The supreme commander of the Swedish Armed Forces, Gen. Micael Bydén, recently met in person with the chairman of the U.S. Joint Chief’s of Staff, Gen. Mark Milley, to discuss the threat posed by Russia’s military buildup on Ukraine’s border. – Defense News


A power struggle erupted in already volatile Somalia on Monday, with the president suspending the prime minister and the latter announcing he would assume the president’s duties, a battle that threatens to undermine the country’s fight against Islamist extremists. – Wall Street Journal  

Chinese lending stemming from President Xi Jinping’s signature Belt and Road Initiative transformed economies across the developing world. Now, as bills are coming due in Uganda and elsewhere, attention is turning to how aggressively Beijing is enforcing contractual obligations even as it sometimes extends repayment periods. – Wall Street Journal 

The United States has said an attempt to suspend Somalia’s Prime Minister Mohammed Hussein Roble was alarming and that it supported his efforts for quick and credible elections. – Reuters 

Authorities in eastern Congo announced an evening curfew and new security checkpoints Sunday, fearing more violence after a suicide bomber killed five people in the first attack of its kind in the region. – Associated Press 

Mali’s military-dominated government on Monday launched a four-day national forum on returning the country to civilian rule following the country’s August 2020 coup. – Agence France-Presse  

Ivory Coast will lay charges against all those who contributed to deadly civil unrest over the 2020 presidential election period, Public Prosecutor Richard Adou said. – Bloomberg

The Americas

The Nicaraguan government has seized the former embassy and diplomatic offices of Taiwan, saying they belong to China. – Associated Press 

Venezuela says it’s pumping the most oil since harsh U.S. sanctions strangled state-owned oil company Petroleos de Venezuela SA more than two years ago. Not everyone believes it. – Bloomberg 

Carolina Jiménez Sandoval writes: Colombia’s international friends, especially the United States, should provide greater financial assistance for rural development and give more support to find the killers of social leaders and ex-combatants, and hold them accountable. […]Colombia’s many victims need to be able to stop feeling “tired and sad.” They deserve the chance to have their hopes fulfilled. – New York Times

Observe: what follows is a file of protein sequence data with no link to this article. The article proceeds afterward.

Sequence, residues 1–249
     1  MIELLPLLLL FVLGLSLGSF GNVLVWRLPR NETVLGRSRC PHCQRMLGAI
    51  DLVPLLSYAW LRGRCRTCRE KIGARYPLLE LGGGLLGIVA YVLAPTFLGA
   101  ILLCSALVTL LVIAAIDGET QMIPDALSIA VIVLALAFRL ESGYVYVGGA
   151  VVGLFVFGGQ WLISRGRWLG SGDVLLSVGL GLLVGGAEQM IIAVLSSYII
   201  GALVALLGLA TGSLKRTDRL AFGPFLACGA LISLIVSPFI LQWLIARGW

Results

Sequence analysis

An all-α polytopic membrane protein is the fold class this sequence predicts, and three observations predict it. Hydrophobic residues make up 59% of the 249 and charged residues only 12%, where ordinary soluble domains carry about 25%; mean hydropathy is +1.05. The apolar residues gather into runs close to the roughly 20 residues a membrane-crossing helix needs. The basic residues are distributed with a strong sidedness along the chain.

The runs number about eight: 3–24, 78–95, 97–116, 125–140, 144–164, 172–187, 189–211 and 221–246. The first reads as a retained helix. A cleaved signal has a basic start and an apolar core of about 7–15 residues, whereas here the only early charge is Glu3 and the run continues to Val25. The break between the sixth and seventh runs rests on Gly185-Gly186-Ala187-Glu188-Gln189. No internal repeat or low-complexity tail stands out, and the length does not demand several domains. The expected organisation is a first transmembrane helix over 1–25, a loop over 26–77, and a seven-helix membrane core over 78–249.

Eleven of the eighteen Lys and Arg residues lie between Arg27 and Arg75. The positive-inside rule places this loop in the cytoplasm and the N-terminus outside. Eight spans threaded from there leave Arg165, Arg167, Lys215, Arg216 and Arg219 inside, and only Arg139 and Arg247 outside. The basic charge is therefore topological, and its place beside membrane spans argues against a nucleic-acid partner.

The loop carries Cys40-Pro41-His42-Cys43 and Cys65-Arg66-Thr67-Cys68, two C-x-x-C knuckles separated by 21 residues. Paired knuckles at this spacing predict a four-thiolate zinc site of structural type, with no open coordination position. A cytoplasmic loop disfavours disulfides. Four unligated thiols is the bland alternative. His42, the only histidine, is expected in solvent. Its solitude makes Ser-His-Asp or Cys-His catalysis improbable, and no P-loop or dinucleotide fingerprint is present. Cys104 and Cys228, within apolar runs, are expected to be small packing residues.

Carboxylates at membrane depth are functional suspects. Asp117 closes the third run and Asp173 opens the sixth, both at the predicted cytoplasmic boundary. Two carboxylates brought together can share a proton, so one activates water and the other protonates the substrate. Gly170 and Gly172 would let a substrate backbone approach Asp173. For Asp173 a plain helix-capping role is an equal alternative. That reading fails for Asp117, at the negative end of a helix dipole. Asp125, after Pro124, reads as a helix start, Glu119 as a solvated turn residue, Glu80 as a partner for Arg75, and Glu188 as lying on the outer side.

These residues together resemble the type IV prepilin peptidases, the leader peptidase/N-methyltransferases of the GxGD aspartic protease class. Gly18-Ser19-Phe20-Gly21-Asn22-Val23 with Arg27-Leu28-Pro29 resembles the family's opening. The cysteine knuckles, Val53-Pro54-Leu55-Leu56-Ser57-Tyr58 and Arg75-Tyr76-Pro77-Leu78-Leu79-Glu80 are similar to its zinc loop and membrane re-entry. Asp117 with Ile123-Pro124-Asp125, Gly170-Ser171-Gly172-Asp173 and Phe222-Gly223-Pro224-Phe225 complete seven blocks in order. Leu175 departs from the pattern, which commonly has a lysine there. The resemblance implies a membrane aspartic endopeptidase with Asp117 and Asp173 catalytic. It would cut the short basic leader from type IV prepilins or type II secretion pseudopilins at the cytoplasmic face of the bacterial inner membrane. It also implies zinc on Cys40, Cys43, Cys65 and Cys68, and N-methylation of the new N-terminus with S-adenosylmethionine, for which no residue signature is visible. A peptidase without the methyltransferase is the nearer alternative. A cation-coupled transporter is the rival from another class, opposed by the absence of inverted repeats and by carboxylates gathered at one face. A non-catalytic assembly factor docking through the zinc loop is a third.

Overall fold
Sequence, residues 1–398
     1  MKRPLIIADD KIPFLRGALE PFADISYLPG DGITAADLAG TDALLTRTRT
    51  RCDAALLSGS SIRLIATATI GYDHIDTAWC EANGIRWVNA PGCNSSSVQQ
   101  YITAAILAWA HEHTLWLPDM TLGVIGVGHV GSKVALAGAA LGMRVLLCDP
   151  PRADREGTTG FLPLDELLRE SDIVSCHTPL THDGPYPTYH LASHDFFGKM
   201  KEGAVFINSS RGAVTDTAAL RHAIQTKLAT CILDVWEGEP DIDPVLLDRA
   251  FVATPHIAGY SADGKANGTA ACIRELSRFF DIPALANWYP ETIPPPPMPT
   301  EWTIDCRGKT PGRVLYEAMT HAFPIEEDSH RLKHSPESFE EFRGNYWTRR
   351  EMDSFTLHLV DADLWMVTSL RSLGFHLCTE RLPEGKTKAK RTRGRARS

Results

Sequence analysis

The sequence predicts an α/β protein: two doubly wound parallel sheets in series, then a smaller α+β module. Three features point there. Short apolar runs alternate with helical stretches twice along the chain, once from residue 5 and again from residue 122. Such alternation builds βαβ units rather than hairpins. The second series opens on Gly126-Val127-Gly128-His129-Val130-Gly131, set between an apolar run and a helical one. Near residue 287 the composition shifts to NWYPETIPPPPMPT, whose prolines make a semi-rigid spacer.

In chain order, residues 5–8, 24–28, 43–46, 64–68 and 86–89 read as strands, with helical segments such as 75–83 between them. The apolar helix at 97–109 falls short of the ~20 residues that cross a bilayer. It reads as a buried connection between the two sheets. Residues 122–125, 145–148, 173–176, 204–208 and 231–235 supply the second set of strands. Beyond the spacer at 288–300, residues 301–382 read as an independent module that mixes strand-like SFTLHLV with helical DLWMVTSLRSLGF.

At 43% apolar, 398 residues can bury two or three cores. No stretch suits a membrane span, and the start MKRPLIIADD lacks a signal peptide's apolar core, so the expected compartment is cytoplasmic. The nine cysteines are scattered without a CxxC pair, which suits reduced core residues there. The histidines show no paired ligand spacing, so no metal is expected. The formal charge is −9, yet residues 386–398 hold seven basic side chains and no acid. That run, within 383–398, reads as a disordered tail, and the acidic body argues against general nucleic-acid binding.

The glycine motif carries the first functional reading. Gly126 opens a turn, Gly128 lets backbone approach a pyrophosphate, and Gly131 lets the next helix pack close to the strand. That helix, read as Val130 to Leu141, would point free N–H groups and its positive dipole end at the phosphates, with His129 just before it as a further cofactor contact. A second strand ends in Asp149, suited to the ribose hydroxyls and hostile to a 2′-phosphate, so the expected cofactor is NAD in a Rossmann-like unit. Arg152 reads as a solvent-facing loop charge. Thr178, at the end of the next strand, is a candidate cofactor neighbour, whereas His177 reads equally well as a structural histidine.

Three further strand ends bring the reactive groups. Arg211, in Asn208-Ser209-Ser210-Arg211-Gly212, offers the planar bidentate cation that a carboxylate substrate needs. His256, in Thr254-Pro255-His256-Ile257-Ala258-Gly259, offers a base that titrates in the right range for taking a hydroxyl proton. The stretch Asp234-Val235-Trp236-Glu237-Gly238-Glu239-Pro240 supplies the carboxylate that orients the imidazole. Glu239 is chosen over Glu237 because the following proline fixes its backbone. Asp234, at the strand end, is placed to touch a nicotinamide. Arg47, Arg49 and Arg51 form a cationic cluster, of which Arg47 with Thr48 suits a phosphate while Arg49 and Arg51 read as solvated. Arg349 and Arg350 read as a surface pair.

Salem Alketbi writes: Taking into account the military balance of power and other numerical indicators, as well as the gap between the US and its strategic adversaries, one can convincingly conclude that the intense struggle between the major international powers to set the new rules of the game in the post-coronavirus world may have already begun. In any case, its end is not in sight. – Jerusalem Post 


Crypto has been many things in its short history. 2021 was the year it became part of the mainstream. – Wall Street Journal  

Photography company Shutterfly announced this week that it had been hit by a ransomware attack that had impacted some services, making it the latest in a string of companies to be targeted by hackers looking for a payout. – The Hill 

Google was dethroned as the world’s most popular website in 2021. The tech giant was pushed into second place as TikTok took the No. 1 spot as the most popular website in 2021, according to cybersecurity company Cloudflare. – The Hill 

Editorial: Meta’s report tells regulators worldwide one thing they should already know, which is that spyware is a crisis demanding an international response — with know-your-customer rules and civil liberties assessments required of companies that want to hawk their services all over the globe. Legislation passed by Congress this month to require a State Department list of purveyors with a history of abetting human rights abusers is a start. Yet the investigation also tells these leaders something else: Stopping a hack also involves stopping everything that comes before it. – Washington Post 


President Joe Biden signed the National Defense Authorization Act into law, authorizing $768.2 billion in military spending, including a 2.7% pay raise for service members, for 2022. – Associated Press  

Even as Raytheon Missiles and Defense is building and installing its first SPY-6 radars, it’s also working with the U.S. Navy to add new functions to the radars with a software tool that would connect ships’ radars for an enhanced view of potential threats on the ocean. – Defense News  

Jonathan Falcon and Jonathan Panter write: The LCS program promised to do more and cost less. It ended up doing less and costing more, precisely because its operational premise did not appreciate the human element enough. Sailors are an organic part of a ship, not a cost burden. Until equipment can learn on its own, and repair itself, that will remain the case. – War on the rocks 

Peter Huessy writes: In that case, the ICBMs the United States maintains would be fully available for retaliation in a measured and considered action. The entire basis for the United States having a nuclear triad is that the United States has sufficient retaliatory capability to continue to deter Russia even if it rides out an attack and loses some of its ICBM forces. – The National Interest